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Employers Cutting 401(k) Matching Contributions

Roughly 12% of employers have suspended matching contributions and an additional 23% are planning to cut their match or are considering it.

The pandemic, which has changed the way millions of people work, is also starting to change the way they save — and not in a good way.

Some 12% of employers have suspended matching contributions to their 401(k) plans, and an additional 23% were planning to cut their match or were considering it, according to a survey conducted in late April by Willis Towers Watson, a human-resources consulting firm. A separate survey by the Plan Sponsor Council of America found that nearly 22% of companies with 1,000 or more employees are suspending or reducing matching contributions to 401(k) plans. Companies in hard-hit industries, such as retail and travel, were more likely to suspend contributions to employees’ retirement plans.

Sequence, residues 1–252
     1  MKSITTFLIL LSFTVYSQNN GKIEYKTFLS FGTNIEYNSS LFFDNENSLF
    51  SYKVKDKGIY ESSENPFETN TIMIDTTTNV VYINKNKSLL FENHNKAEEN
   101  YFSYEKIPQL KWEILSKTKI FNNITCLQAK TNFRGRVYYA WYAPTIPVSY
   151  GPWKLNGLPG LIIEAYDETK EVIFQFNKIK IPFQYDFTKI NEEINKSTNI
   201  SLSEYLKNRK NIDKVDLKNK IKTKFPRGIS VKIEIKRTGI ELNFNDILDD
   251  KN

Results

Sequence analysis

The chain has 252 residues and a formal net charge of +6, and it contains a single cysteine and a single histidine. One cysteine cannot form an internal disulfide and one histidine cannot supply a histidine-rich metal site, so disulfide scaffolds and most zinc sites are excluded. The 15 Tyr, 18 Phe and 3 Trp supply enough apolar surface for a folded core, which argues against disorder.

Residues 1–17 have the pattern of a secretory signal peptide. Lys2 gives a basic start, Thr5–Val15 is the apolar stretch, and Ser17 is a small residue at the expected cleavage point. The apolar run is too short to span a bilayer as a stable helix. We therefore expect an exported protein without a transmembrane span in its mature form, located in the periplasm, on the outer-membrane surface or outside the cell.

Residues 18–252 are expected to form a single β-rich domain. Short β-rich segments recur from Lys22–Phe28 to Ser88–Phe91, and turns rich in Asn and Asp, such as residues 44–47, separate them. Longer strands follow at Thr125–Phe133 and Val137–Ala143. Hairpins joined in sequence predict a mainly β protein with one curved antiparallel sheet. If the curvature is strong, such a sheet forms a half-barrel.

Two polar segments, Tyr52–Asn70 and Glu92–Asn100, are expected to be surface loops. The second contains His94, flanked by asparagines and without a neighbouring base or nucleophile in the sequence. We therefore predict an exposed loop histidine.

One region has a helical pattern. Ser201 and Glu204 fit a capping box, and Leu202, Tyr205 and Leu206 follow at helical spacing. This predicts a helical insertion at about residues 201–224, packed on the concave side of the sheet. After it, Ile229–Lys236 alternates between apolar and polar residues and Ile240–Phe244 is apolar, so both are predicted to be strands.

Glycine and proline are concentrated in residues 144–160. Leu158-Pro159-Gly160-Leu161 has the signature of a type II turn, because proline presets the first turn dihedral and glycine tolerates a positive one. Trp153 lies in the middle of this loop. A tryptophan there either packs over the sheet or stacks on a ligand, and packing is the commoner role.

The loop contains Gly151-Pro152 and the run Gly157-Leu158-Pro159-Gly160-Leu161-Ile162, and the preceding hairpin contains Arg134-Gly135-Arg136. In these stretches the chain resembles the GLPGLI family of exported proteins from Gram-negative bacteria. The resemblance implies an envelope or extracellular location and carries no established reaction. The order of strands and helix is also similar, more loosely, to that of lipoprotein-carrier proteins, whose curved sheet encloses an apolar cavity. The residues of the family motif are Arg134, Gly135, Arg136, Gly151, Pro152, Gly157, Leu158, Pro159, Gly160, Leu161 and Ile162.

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How quickly matches are restored will depend on how fast the economy recovers, but many companies hope the suspension will last only a few months, says Robyn Credico, defined-contribution practice leader for Willis Towers Watson. “I think there’s a lot of belief that by the last quarter of this year or early next year, things will improve,” she says.

Although a company match provides a great incentive to contribute, don’t use the loss of your match as an excuse to stop saving, Credico says. Instead, if you can afford it, try to contribute a little more to make up the difference. With or without a match, she says, “your retirement needs aren’t going to change.”

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